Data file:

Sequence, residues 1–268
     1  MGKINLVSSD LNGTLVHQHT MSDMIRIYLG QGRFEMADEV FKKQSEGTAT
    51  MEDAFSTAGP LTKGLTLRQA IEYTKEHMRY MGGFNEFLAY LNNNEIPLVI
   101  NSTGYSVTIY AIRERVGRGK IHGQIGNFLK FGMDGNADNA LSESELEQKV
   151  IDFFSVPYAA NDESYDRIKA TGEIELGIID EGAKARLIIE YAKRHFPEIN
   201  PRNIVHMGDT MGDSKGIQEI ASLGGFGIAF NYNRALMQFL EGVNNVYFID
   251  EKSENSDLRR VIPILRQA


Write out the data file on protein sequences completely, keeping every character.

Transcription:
Sequence, residues 1–268
     1  MGKINLVSSD LNGTLVHQHT MSDMIRIYLG QGRFEMADEV FKKQSEGTAT
    51  MEDAFSTAGP LTKGLTLRQA IEYTKEHMRY MGGFNEFLAY LNNNEIPLVI
   101  NSTGYSVTIY AIRERVGRGK IHGQIGNFLK FGMDGNADNA LSESELEQKV
   151  IDFFSVPYAA NDESYDRIKA TGEIELGIID EGAKARLIIE YAKRHFPEIN
   201  PRNIVHMGDT MGDSKGIQEI ASLGGFGIAF NYNRALMQFL EGVNNVYFID
   251  EKSENSDLRR VIPILRQA